In Europe’s debate about how to deal with the flow of desperate migrants from Africa, there is an important element missing: the crisis in Eritrea. Every month almost 4,000 Eritreans flee to escape oppression, according to a United Nations special rapporteur.
A visit to Asmara, the Eritrean capital, is revealing. In the cafes you won’t hear people talking about the government of President Isaias Afewerki, and in the streets you will never see a march or a demonstration. Any sign of protest is quickly crushed, and opponents of the government face immediate imprisonment and torture, often in underground jails in remote areas. There they are stuffed into metal containers where the heat is unbearable, and given little food or water. The right to trial does not exist, and those convicted have no recourse to appeal.
This oppression is eerily invisible. You won’t see police officers along the sunny avenues of Asmara, nor are there soldiers around. But if you have a camera and start taking pictures, people stare and point at you. In this silent, secret system of terror, reminiscent of Soviet communism, every citizen is a potential spy.
The government in Eritrea exercises control also through the “national service,” which is compulsory and open-ended for both men and women from the age of 17. It is easy to see why Eritreans will risk dangerous journeys to escape.
On Oct. 3, 2013, 366 young Eritreans drowned off the tiny island of Lampedusa. The night after the shipwreck, I watched the survivors mourn the dead. They were taken to an airport hangar to wander among long rows of dark wooden coffins, and a line of five little white coffins for the children. The weeping sounded like a howl of despair for a generation fated to live in a country where hope for a better future had been banished. It was a cry for help.
As people gathered in the main streets of Asmara after the shipwreck to view photos of the dead, the police arrived to disperse the crowd, but not before making a list of those who attended.
“Nobody will come to save us,” said a 30-year-old teacher I met on my way to Asmara in May, who asked not to be identified. At one time, she said, she worked for European NGOs, but these organizations were expelled by the government in 2006. President Afewerki denies that the country needs any aid or assistance from foreigners.
“Isaias keeps isolating our country so that nobody can see what happens here,” the teacher told me.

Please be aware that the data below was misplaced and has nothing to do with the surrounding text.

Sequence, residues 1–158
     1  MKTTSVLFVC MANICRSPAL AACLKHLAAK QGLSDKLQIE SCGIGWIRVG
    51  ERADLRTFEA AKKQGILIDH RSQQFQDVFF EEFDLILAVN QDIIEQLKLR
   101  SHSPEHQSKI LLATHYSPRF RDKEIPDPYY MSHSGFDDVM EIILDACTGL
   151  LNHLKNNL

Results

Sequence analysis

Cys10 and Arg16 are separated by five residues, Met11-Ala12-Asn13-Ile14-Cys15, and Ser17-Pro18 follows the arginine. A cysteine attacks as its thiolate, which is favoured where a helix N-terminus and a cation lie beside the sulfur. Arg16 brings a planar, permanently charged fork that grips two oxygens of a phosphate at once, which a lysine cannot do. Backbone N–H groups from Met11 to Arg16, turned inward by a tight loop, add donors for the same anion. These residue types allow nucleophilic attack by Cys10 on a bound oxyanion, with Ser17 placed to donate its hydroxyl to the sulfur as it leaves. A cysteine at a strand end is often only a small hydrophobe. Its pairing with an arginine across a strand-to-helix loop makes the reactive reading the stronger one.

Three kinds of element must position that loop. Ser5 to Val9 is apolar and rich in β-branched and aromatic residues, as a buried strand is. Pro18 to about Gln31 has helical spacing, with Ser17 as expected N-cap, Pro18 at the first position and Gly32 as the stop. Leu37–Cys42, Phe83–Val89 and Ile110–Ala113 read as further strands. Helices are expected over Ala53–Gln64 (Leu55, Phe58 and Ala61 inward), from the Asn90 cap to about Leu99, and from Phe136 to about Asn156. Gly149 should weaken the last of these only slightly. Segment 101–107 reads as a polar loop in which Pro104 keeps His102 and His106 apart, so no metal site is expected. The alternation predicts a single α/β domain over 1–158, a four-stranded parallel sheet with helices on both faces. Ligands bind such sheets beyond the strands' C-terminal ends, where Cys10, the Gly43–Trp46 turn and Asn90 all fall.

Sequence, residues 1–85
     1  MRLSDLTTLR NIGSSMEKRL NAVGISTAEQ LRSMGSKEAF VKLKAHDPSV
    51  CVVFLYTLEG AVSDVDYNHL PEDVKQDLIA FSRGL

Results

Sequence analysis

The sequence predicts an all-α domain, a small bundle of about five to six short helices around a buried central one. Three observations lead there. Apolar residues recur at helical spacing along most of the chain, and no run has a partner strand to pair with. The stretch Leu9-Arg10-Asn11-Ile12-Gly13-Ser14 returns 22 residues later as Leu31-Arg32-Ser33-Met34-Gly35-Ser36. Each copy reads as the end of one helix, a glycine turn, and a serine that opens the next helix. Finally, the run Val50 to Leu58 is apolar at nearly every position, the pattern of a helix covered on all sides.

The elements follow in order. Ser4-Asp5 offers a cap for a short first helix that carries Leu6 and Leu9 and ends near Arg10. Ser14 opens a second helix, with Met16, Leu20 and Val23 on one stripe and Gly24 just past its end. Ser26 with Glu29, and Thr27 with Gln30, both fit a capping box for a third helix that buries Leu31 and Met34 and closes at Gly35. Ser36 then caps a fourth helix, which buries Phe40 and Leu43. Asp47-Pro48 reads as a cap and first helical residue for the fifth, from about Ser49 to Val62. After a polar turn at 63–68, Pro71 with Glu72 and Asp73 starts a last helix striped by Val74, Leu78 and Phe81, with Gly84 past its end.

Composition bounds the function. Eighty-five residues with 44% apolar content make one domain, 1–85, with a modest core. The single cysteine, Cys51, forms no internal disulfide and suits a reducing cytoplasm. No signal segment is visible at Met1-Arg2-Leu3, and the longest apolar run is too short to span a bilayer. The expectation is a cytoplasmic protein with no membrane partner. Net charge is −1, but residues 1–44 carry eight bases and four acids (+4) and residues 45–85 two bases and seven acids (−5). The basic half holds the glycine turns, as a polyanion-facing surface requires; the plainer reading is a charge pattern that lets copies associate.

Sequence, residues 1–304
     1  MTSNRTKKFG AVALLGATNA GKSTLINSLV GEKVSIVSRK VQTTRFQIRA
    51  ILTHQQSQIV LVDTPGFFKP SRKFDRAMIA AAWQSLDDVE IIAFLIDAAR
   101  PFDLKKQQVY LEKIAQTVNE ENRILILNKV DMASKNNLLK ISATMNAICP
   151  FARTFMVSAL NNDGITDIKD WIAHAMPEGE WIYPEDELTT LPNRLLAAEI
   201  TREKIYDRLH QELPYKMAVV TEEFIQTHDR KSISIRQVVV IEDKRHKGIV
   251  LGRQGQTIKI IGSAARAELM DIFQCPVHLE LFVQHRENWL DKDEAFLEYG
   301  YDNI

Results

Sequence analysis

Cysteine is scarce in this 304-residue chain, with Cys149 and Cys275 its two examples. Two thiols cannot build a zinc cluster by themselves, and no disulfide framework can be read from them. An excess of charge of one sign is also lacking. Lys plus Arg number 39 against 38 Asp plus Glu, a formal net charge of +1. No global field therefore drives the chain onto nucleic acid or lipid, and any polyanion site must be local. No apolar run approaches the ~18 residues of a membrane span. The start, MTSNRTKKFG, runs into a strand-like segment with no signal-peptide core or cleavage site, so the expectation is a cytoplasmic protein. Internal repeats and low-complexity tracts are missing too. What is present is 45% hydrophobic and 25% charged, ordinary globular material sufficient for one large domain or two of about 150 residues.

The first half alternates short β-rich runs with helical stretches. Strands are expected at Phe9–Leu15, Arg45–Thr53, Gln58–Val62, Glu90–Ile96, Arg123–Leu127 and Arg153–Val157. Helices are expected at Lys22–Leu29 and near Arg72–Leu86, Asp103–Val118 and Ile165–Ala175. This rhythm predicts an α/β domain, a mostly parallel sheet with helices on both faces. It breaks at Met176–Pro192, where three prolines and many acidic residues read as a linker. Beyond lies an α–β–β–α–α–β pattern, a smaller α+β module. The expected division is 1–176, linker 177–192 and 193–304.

State workers earn an average monthly salary of 500 nakfa (about $15 at the black market rate) and represent cheap labor for both the public and private sectors, especially in mining and construction, where Chinese investments are growing. Many Eritreans rely on informal work to feed their families. In Massawa, once a major port on the Red Sea, Awate Tsegay rents his car to foreigners and hopes to earn enough money to cross the border and join his brothers in Sudan. “Military officers ask up to $1,000 per person to hide you in a car so that you can get through safely,” he said.
The government tacitly encourages illegal migration, recently introducing a 2 percent tax on remittances from abroad.
Once in Sudan, Eritreans avoid the police and take any job available, until they can hire a trafficker to take them to Libya or Egypt, where they can attempt the sea crossing to Europe. The desert crossing is perilous, and many refugees fall victim to torture and organ harvesting.
Meanwhile, President Afewerki, who has ruled for 20 years, still plays the role of the victim. He uses the pretext of the border conflict with Ethiopia to justify tight control over his people. European Union diplomats have expressed concern about the systematic violation of human rights. But if Europe were serious about addressing the causes of the exodus from Eritrea, it would put more pressure on Mr. Afewerki to loosen his grip.
Likewise, the international community has done little to resolve the border conflict. Even less has been done to support Eritrean opposition forces, which could challenge the generals and set the country on the path to democratic elections. But the Eritrean opposition is fractured and presents little threat to the Afewerki government.
“The most active democratic groups are based elsewhere, in Sudan or Europe,” says Valentina Fusari, a researcher in Asmara. Smaller ethnic groups of dissidents are in exile and too disorganized to be an option.
At this stage, without a coordinated effort by the opposition, the dictatorship will keep perpetuating terror and forcing its people to choose between the loss of their freedom if they stay, or a potentially deadly journey if they leave.
Vittorio Longhi is an Italian journalist. His latest book is The Immigrant War: A Global Movement Against Discrimination and Exploitation.